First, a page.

Water Is a Common Pool Resource

Imagine a pioneer family living on a homestead with no running water or electricity.

Hauling water from the creek and heating it up on the wood stove to fill the bath tub is hard work. You don’t use the water once and then start over — everyone in the family gets a turn to have a bath using the same water. In such close quarters the etiquette for water sharing is self-evident. It’s not OK to fart in the bath before your little sister gets her turn.

The etiquette for sharing water in a watershed is not as obvious.

In my eBook “The Value of Water Monitoring” I devote an entire chapter to the idea of water as a common pool resource. Within a watershed water will often be the only thing that connects all neighbors. There may be different villages, tribes, races, religious beliefs, political systems, historical grievances, and economic status dividing society along many axes. The one thing that everyone must agree on is how to share the available water within the watershed.

Success in sharing an abundant, self-renewing, resource is relatively easy.

Everyone can take as much as they need and dispose of their wastewater without consequence. But some form of regulation is required for fair allocation of water when it’s scarce. Our laws for allocating water amongst competing demands were crafted at a time when man-hauling water in buckets was still a prevalent household water delivery method. We cannot rely on such archaic laws alone to ensure the sustainability of our watersheds.

Etiquette is required for sharing the common pool resource in watersheds, similar to the etiquette in our imaginary pioneer family.

In close quarters everyone can see for themselves that the etiquette is being respected. At the scale of a watershed, shared data is needed to ensure that the resource is being treated with respect. The results of water monitoring reveal disrespectful behavior just as surely as bubbles rising to the surface of your bathwater do. In a sense, water monitoring is about monitoring conformance with the requirements for appropriate uses of the watershed.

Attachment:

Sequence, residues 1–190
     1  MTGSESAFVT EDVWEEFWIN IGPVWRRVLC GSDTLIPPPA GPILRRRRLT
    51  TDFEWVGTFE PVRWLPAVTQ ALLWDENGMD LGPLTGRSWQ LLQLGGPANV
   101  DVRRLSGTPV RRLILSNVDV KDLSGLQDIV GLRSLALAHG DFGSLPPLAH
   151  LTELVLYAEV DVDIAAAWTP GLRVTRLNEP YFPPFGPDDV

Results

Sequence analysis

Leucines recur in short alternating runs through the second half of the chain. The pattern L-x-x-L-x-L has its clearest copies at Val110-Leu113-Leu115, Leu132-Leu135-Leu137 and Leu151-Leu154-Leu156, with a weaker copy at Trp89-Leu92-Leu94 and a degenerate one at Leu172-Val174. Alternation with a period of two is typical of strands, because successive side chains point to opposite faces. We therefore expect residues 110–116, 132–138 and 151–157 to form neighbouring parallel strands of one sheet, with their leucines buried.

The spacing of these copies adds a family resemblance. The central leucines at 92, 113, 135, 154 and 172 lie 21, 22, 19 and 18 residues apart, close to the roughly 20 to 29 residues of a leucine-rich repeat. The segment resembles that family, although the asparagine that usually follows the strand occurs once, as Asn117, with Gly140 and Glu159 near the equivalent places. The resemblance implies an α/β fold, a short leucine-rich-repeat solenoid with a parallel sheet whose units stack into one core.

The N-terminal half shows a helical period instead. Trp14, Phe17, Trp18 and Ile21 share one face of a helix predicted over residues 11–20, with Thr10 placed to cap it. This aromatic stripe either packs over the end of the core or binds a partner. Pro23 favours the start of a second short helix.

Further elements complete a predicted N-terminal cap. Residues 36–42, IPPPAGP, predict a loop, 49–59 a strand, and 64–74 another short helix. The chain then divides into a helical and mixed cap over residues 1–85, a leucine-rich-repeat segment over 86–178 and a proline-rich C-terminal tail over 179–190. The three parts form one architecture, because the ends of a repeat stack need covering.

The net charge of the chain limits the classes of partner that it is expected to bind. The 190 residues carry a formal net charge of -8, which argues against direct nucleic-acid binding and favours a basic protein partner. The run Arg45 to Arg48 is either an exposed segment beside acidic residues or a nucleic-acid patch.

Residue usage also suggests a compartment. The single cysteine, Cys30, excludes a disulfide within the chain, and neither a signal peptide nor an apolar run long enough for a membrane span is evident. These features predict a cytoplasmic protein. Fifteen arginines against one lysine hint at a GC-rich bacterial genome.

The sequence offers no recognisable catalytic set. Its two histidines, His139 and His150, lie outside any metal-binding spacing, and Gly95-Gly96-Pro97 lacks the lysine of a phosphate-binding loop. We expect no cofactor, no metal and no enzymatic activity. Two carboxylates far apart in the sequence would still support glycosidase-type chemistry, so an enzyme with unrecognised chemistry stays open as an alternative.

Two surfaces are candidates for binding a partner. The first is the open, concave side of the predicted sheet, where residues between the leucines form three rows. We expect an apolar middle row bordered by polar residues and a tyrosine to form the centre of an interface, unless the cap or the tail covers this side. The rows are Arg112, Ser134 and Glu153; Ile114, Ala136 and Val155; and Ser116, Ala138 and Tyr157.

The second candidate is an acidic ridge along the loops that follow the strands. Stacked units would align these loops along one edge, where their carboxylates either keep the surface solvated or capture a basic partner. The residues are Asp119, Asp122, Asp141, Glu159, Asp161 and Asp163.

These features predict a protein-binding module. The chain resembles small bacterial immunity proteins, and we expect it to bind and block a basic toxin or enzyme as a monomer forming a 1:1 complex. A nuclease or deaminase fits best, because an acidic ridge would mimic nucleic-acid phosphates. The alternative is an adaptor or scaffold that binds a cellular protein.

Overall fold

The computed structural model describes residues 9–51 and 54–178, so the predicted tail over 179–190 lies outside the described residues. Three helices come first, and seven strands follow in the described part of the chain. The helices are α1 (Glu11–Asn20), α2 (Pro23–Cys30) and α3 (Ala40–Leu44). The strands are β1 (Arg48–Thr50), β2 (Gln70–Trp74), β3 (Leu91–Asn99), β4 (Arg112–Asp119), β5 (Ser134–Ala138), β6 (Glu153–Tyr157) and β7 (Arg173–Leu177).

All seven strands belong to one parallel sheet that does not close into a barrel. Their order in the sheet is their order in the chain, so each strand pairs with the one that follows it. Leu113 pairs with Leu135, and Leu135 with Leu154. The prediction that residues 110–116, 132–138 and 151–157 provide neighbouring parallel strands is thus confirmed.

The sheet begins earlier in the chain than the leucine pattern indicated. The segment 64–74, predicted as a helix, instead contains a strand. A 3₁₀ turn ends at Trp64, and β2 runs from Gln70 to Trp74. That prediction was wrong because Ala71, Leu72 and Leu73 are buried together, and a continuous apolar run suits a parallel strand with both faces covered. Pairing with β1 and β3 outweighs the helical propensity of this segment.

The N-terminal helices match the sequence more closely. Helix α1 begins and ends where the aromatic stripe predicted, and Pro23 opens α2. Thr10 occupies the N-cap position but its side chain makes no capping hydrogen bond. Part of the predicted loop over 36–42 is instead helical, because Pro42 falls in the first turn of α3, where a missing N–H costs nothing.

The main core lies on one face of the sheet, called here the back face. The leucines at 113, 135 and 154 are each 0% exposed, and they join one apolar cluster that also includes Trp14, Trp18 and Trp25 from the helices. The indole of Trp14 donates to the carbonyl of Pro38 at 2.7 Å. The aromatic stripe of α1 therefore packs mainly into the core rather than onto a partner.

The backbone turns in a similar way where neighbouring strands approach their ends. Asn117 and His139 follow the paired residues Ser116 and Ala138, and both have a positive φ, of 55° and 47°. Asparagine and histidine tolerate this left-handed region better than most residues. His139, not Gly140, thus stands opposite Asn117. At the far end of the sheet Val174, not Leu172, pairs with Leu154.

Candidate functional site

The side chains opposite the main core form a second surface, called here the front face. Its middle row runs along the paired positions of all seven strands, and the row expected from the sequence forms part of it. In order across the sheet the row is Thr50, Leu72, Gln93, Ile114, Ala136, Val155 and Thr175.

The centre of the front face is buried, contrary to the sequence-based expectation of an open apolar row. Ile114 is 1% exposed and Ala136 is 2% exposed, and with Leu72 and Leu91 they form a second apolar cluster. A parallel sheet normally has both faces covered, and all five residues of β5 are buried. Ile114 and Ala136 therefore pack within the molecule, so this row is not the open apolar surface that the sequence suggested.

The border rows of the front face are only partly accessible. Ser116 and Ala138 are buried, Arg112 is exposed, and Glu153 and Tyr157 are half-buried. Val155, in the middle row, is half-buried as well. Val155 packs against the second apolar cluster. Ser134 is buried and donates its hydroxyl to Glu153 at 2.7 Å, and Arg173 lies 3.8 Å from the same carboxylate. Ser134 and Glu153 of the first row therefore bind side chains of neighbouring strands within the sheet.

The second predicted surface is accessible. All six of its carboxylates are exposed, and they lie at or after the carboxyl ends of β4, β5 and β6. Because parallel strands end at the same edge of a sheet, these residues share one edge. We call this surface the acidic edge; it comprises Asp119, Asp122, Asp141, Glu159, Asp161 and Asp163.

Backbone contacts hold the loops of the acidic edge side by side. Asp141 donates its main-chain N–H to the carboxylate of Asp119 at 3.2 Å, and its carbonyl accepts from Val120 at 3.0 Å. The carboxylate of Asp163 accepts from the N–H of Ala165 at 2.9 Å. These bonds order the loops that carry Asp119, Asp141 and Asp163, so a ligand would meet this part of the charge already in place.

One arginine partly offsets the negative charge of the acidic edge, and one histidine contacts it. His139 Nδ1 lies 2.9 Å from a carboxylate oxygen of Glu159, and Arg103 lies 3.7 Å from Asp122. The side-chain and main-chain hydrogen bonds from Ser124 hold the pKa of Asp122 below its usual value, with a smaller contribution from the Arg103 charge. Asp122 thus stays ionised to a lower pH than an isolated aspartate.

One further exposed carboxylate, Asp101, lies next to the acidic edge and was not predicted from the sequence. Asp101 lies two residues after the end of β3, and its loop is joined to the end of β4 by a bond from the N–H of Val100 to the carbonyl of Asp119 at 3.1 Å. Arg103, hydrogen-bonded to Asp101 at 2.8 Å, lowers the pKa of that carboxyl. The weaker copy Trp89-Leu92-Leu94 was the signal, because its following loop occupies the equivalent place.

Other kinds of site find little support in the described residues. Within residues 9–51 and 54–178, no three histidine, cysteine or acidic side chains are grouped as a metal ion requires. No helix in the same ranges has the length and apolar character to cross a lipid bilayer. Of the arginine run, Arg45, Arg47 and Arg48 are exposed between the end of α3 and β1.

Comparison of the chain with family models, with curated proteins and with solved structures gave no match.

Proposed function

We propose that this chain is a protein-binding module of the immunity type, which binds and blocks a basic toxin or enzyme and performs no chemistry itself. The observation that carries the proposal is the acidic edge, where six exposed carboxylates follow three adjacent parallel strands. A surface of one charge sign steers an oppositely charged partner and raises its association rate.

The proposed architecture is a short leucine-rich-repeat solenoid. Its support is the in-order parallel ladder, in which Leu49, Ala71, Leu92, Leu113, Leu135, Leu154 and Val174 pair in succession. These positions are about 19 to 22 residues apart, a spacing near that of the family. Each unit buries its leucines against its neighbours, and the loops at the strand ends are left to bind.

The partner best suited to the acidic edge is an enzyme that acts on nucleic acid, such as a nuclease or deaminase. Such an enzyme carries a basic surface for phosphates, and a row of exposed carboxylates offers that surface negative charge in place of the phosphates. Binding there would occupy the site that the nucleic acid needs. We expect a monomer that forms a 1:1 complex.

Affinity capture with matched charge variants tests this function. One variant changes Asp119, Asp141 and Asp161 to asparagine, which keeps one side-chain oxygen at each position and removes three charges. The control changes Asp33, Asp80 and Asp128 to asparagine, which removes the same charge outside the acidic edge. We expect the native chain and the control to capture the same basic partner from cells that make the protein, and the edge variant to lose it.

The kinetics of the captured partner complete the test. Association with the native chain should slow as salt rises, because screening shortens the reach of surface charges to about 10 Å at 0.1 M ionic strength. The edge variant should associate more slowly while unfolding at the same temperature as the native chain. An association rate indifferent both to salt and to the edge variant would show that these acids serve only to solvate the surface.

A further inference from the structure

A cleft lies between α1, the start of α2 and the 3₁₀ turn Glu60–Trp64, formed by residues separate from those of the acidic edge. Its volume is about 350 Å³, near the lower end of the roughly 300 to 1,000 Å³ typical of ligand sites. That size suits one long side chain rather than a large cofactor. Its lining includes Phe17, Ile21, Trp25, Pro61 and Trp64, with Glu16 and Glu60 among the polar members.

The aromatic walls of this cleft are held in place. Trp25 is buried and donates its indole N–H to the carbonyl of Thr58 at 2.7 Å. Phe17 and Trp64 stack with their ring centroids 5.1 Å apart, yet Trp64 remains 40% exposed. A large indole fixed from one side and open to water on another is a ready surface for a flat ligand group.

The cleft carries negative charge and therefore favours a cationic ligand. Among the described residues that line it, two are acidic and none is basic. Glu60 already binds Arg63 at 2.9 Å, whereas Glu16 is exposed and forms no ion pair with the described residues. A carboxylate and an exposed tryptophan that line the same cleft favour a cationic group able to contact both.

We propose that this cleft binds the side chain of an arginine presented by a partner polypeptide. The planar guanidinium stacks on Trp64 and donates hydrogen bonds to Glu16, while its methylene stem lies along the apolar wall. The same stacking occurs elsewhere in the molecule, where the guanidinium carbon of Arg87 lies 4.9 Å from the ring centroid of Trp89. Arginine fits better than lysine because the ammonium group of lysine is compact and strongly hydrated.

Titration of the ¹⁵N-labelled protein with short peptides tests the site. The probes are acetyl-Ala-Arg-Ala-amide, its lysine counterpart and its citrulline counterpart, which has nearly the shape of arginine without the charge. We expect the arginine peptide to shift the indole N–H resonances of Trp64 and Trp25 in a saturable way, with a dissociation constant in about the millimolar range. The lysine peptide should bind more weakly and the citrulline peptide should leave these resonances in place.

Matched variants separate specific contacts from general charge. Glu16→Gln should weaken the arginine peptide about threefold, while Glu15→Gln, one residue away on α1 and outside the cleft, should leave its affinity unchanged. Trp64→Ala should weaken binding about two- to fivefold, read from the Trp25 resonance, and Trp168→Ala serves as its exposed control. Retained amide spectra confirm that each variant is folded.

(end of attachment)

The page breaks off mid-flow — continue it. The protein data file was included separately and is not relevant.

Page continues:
The phrase ‘good fences make good neighbors’ refers to the fact that when boundaries are clear, relationships can better prosper.

Monitoring water within a watershed doesn’t define boundaries between neighbours, but exposing the net effect of all actions within the watershed puts everyone on their best behavior. I’m reminded of my experience monitoring flow downstream of some placer mines in the Yukon Territory many years ago. The data revealed many midnight flow anomalies when miners would discharge water from their tailings ponds at a time when they thought no one was watching. Had they known about the stream gauge they might not have been so bold.

Water, used properly, can be re-used many times.

Water data, managed properly, can be re-used many times. The value of water monitoring isn’t just in its use for the primary motivation of the monitoring program. Shared water data enables a diverse society with competing interests to prosper and benefit from a shared resource. Water monitoring may be more impactful on the success of water management than water legislation or regulation. People may be motivated to game the system of regulations. But they know they can’t beat the truth as revealed by water monitoring data.

What’s your experience? What’s the right balance between regulation and enforcement versus investments in monitoring at a sufficient resolution that reveals the truth of who is doing what? Please comment below.

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